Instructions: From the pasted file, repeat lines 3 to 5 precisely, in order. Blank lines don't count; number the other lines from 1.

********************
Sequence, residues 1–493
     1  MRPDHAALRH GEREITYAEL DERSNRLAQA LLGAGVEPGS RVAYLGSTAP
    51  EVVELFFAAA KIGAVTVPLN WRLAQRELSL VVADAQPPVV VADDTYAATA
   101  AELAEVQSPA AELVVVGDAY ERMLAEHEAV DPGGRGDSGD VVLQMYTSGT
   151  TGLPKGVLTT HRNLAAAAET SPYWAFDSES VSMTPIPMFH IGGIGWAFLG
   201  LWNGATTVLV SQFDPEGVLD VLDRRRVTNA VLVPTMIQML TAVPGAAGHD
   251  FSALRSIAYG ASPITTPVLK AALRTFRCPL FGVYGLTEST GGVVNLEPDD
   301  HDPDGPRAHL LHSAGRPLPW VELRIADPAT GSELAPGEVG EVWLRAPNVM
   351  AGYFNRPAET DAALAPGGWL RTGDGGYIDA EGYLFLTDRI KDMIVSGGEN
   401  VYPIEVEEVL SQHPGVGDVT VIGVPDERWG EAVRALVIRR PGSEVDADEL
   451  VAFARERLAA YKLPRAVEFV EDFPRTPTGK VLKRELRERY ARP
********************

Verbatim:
    51  EVVELFFAAA KIGAVTVPLN WRLAQRELSL VVADAQPPVV VADDTYAATA
   101  AELAEVQSPA AELVVVGDAY ERMLAEHEAV DPGGRGDSGD VVLQMYTSGT
   151  TGLPKGVLTT HRNLAAAAET SPYWAFDSES VSMTPIPMFH IGGIGWAFLG